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Thread: Help: Sears & Roebuck Supertone Mandolin

  1. #1
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    Question Help: Sears & Roebuck Supertone Mandolin

    Hey folks,

    As the subject says, I've got a Sears and Roebuck, Supertone mandolin. The series number on the inside says F13411. I received it when my grandfather, who was born in the 1910s, passed away. My family members told me that it was given to him from his father or grandfather, however the little bit of research that I have done dates the Supertone brand to the earliest possible date being 1915.

    If needed, I can provide some pictures. But, I'm wondering if someone can tell me what time period this mandolin dates to, what type of woods that it's made from (it looks as if there may be two or three different types judging by the grain patterns) and any other interesting things that I ought to know. And if you have any idea how much it might be worth, that'd be awesome too. I'd find it hard to believe that I've got a one of a kind piece, but I've Ebayed and Googled without any success. Apparently there is a type of Hawaiian parlor guitar with the same serial number from the 40s or 50s because Sears and Roebuck eventually started recycling serial numbers, that way ya'll don't think I'm some kinda' goofball with a guitar and calling it a mandolin.

    Thanks.
    -Brock W.

  2. #2
    Moderator MikeEdgerton's Avatar
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    Default Re: Help: Sears & Roebuck Supertone Mandolin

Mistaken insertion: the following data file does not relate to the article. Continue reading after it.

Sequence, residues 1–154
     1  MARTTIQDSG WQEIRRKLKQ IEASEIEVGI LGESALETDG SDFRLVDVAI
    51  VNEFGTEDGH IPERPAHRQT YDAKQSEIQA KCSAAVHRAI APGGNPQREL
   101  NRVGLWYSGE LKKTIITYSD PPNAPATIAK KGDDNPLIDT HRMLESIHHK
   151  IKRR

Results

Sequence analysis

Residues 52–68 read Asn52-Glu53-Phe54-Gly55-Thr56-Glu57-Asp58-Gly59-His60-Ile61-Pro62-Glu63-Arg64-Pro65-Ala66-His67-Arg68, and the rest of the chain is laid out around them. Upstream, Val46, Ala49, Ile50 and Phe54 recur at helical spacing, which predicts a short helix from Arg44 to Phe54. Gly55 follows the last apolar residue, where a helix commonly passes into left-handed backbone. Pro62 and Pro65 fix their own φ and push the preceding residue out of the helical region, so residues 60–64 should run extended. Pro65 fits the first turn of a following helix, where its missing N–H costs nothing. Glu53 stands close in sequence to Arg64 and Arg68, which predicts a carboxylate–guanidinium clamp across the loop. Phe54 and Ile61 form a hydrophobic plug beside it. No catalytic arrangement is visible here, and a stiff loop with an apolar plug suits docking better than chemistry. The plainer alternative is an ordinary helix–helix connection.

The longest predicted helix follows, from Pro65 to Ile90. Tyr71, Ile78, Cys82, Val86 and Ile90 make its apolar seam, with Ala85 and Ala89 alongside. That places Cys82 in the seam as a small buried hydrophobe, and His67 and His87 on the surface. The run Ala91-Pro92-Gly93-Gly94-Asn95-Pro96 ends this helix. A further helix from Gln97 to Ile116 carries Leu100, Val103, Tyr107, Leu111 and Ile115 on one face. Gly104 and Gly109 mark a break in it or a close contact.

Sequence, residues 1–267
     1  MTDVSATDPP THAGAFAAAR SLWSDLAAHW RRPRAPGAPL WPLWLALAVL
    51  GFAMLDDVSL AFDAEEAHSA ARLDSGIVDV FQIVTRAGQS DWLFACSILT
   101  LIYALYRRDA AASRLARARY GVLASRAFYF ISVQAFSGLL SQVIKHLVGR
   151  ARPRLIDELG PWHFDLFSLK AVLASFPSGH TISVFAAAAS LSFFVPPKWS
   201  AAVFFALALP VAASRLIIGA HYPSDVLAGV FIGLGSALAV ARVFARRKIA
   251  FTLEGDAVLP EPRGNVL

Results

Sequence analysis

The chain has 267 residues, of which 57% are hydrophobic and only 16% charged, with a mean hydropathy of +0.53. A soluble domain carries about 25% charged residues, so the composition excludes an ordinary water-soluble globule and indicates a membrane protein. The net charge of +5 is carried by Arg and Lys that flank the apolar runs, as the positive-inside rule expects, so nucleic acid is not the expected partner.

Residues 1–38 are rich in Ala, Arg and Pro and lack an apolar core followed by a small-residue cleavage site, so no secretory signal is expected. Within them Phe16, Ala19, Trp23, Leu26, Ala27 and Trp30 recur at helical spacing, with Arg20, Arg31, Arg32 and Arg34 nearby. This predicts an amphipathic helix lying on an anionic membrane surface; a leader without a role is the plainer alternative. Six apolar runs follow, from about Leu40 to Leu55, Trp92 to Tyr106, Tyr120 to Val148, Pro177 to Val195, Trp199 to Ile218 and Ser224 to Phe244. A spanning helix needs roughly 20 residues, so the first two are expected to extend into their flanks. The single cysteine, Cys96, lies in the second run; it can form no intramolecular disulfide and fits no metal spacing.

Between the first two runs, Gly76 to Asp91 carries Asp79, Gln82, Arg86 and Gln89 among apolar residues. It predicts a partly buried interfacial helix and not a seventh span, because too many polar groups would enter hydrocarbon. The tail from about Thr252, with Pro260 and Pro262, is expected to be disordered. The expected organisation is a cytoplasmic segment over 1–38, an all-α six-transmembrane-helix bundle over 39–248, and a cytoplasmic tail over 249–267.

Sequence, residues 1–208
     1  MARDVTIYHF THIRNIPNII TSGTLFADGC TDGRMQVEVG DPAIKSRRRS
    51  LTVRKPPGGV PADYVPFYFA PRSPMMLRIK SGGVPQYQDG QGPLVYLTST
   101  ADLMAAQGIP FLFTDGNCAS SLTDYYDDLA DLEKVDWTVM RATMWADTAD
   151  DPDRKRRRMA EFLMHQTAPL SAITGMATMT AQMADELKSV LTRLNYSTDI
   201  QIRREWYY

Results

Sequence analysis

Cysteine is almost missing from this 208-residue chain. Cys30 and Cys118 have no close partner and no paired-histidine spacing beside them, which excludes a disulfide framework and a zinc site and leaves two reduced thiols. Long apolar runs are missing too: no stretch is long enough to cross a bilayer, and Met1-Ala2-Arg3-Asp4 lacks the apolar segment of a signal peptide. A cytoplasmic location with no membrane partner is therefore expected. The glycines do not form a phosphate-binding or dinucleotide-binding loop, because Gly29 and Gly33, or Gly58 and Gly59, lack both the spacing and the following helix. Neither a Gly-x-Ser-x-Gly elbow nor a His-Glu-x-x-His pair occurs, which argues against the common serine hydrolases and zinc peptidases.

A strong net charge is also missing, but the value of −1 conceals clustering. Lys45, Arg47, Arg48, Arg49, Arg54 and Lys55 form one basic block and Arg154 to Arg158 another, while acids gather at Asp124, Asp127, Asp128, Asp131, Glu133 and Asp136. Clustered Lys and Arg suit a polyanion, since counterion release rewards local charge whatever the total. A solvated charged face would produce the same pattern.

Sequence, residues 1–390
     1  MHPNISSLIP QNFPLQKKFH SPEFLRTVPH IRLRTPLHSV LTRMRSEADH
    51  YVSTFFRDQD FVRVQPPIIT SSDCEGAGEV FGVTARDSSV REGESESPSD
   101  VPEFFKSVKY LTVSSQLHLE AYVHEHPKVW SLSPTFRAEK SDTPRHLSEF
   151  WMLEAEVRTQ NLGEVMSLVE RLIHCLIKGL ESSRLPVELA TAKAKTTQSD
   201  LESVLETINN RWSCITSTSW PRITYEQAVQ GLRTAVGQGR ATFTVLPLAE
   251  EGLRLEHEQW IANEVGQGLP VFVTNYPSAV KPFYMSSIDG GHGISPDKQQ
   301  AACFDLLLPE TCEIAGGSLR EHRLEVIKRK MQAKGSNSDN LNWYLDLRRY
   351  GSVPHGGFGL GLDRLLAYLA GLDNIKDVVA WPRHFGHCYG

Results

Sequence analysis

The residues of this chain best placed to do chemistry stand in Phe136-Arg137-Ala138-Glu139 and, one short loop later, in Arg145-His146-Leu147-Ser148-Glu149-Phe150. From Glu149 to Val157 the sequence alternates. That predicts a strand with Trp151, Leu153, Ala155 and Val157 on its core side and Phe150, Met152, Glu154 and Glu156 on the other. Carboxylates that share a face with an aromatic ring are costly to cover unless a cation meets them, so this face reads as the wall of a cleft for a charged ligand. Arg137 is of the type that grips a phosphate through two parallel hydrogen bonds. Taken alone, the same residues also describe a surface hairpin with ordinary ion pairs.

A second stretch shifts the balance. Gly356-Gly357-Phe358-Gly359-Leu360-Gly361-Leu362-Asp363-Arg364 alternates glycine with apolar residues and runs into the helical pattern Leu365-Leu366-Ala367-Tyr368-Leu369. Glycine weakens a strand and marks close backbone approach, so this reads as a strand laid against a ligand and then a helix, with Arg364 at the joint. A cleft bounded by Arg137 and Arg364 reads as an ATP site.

That's not a serial number, it's a catalog number. Sears didn't make these they farmed out the work. For a period of time they owned one manufacturer but they still outsourced to other makers. You really need to post some pictures if you want any real information.

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    Default Re: Help: Sears & Roebuck Supertone Mandolin

    Alright...

    Here are some photos... I hope...

    http://s956.photobucket.com/albums/ae44/BWyant1/

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    Moderator MikeEdgerton's Avatar
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    Default Re: Help: Sears & Roebuck Supertone Mandolin

    Time period, between 1900 and 1930, probably in the earlier part of that range. The top is most likely spruce, the back and sides appear to be mahogany. It's missing the tailpiece cover. The value is a between $100.00 and $300.00 dollars on a good day.

    This should look familiar.

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    Default Re: Help: Sears & Roebuck Supertone Mandolin

    Hmm...

    Not the 10,000$ I was hoping. =P

    Nah, that's pretty cool though. I wish I knew more about what my grandfather was doing with this thing. Never mentioned every playing any sort of an instrument, although according to one website I read through, mandolins became more popular as a cheaper alternative to banjos in the early 20th century.

    Is this something that would increase in value with time or maintain itself? I'm obviously not going to haul it off to a pawn-shop, but it doesn't have a whole lot of sentimental value to me. How common is this model?

    Would strings have been made from a different metal than they are now? To be honest, those things feel like they could cut skin. Would the long leftover pieces at the top have been result of the instrument being restrung? I can't imagine it being shipped that way.

    I appreciate all the info and time... I think that's all the questions I've got... For the time being.